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Beacon Hill "Common Threads" art poles rise again!

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Special to The Platform by Tim Marsden, Sound Transit Art Maintenance Specialist (and all-around good guy)

The Sound Transit Art Program would like to announce the return of Carl Smool’s artwork "Common Threads" to the Beacon Hill Station plaza after a three year hiatus. The three Banner Poles were removed in early 2014 due to damage to the foundation of one of the poles that occurred during an unusually severe wind storm.

Beacon Hill Art flags

The final pole as part of the "Common Threads" installation at Beacon Hill is carefully lowered into place.

Since then Sound Transit has worked with the artist and structural engineers to prevent a reoccurrence of past events by ensuring a more secure foundation and, most exciting of all, redesigning the banners themselves to reduce wind resistance while still maintaining their original intent. Smool was all smiles while watching the reinstallation Thursday morning.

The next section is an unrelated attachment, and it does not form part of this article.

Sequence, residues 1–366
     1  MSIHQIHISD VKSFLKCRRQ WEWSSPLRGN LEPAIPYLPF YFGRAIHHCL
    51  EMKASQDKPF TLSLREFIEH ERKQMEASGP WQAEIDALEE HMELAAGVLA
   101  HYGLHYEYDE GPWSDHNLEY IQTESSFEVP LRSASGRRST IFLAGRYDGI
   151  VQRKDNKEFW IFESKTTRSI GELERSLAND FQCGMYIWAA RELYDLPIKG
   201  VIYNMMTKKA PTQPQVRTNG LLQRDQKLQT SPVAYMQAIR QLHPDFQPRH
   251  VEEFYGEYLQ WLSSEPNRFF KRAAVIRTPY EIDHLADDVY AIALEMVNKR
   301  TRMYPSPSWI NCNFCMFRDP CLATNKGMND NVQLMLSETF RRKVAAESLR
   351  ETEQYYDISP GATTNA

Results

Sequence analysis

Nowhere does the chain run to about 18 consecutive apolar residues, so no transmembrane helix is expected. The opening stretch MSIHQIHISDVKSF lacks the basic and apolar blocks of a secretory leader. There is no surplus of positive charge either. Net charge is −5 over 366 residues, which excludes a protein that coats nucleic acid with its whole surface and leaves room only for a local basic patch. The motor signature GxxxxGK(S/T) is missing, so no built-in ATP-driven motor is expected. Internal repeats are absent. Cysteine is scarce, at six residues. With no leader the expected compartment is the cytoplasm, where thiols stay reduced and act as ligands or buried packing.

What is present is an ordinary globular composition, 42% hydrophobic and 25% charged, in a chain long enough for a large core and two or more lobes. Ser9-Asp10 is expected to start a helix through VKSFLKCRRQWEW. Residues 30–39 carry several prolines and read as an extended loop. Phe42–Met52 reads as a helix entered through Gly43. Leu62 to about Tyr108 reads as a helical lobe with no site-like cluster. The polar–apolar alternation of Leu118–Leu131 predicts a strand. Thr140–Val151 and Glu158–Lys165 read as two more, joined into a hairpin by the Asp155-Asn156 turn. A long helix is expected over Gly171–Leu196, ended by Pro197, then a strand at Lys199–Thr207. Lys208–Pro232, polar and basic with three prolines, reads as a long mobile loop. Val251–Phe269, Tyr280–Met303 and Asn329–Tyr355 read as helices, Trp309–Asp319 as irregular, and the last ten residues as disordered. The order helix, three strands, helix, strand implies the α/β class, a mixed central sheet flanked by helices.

Carl Smool, artist, Beacon Hill Art Poles
Artist Carl Smool explains the inspiration for the "Common Threads" art installation at Beacon Hill Station. 

"I'm thrilled with the way this has turned out. They're actually much more colorful than they were before," he said. "It's so rare that you have an opportunity to revisit a project eight years after it's finished and redo parts of it that turn out better than before."

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Closeup of the "Common Threads" banners.

The banner poles are a part of Smool’s overall artwork on the plaza called “Common Threads” which also includes the granite pavers and the wall cover at the north end of the station. The designs on the banners (and pavers) are taken from textile designs relating to the diverse ethnic communities in the Beacon Hill neighborhood. In all, Smool used textile patterns from 55 different cultures. Check his extensive blog about the project for more details and photos. 

It is due to no small effort on the part of the Beacon Hill community that the Common Threads banner poles are returning to their original location. The community has been very vocal in their intention to see the poles return and their perseverance and support has made this possible. It is a fantastic example of the weaving of art, transit and community that results in a stronger fabric of society.

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